Early summer apples were once essential to maintaining a year-round food supply. Late storage apples are harvested in October or November, and under the best conditions might keep until April or May. That leaves just a short break until the earliest summer apples begin ripening in June or July depending on your location.
With global trade, early apples are no longer popular since you can get fall varieties shipped halfway around the world to meet demand any time of the year. If you’re looking to grow more of your own fruit and concerned with keeping a year-round supply, try planting the earliest apple: Yellow Transparent.
Imported from Russia in the 1800s when the USDA was looking for extremely cold-hardy apples, this apple’s quick ripening time was essential in the short Siberian growing season. They’re easy to grow, resistant to disease, bear fruit at a young age, and are hardy to at least zone 3.
Yellow Transparent, like most summer apples, are not quite the same as their fall counterparts. They have to develop fast, and as a result, they don’t offer the same firmness or complex flavor that a fall apple provides.
In our part of Vermont, our last frost this year was June 7th. We picked our first Yellow Transparent on July 15th. That’s just over 5 weeks from bloom to maturity. Most fall apples take nearly 5 months to reach full size.
As a result of their quick development, yellow transparent apples tend to be crumbly in texture, and they store once ripe for only about a week. Since they’re impractical to ship, most people have never eaten a “crumbly” apple, and are a bit put off by something so far from their normal experience.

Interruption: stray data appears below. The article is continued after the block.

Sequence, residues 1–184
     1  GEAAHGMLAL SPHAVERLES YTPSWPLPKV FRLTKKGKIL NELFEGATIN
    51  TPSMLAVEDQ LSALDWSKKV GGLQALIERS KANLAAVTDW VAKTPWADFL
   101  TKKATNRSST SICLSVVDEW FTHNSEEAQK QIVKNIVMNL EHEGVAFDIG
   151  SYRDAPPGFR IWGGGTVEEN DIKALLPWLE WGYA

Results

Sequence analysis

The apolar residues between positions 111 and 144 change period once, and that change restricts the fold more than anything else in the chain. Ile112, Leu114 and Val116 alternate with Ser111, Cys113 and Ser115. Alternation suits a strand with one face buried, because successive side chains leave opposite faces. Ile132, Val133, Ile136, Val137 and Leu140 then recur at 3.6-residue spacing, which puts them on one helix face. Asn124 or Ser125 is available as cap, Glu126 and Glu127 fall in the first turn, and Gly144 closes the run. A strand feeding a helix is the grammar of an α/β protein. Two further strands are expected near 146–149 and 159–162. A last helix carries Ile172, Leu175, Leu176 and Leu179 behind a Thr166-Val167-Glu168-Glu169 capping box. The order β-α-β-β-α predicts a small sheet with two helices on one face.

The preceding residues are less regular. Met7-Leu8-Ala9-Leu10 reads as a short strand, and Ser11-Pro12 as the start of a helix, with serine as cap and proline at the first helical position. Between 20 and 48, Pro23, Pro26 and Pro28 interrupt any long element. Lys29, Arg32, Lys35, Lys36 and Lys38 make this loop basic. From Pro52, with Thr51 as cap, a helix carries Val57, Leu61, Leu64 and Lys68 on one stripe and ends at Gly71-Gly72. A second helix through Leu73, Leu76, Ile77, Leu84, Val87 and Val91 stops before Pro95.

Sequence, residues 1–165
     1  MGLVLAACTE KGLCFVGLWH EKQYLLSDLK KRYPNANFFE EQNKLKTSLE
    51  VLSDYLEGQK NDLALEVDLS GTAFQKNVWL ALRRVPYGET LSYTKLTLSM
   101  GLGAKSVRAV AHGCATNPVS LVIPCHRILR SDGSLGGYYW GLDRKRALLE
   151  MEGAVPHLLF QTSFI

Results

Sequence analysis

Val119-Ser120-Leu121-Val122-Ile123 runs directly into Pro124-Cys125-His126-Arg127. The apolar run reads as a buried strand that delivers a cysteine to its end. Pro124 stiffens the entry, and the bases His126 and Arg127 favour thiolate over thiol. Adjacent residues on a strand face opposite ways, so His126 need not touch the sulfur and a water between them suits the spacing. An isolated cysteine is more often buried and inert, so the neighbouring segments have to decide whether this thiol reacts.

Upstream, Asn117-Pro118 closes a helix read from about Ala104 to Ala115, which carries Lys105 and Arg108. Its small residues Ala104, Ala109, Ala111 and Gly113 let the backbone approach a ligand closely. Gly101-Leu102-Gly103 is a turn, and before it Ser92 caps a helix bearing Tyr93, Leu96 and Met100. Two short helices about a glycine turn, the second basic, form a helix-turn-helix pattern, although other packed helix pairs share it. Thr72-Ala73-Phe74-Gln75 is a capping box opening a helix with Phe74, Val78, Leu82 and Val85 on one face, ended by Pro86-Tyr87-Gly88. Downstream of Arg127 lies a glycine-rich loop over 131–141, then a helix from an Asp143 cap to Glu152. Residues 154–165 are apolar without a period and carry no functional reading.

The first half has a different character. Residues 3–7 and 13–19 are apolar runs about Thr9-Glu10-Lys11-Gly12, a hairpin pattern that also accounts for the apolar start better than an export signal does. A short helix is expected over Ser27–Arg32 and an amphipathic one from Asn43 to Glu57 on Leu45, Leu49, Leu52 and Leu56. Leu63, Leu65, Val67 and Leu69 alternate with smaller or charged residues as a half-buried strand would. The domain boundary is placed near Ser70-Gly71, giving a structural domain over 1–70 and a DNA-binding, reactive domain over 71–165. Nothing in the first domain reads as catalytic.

Yellow Transparent is somewhat acidic but otherwise sweet and mild, vaguely similar in taste to a yellow delicious, but crumbly rather than soft fleshed. To cut the acid, and enhance the flavor, they’re sometimes eaten with salt. Old-timers call early summer apples “salt apples” for that reason.
Once ripe, these apples spoil very quickly. A week of shelf life is optimistic for a yellow transparent at its peak.
To keep you in apples for more than a week, the tree is and ripens in stages. The apples ripen over the course of a month, starting at the top and most sun-exposed branches. You’ll notice bird pecked tree falls begin littering the ground, and then you know it’s time to pick your first summer apples.
Yellow Transparent apples break down easily in cooking and make an especially good creamy white applesauce. They’re also good for freezing, drying, juice, and wine. If you’re looking for local apples in the summertime to hold you over until fall, Yellow Transparent is a good choice.
I make my yellow transparent applesauce sauce with a food mill and the whole process is quick and easy, perfect for mid-summer canning. I’ve also started canning it in an outdoor canning kitchen, which saves on cleanup and doesn’t heat up the house.
Preserving summer apples is a bit trickier in the heat, but if there’s a will, there’s a way.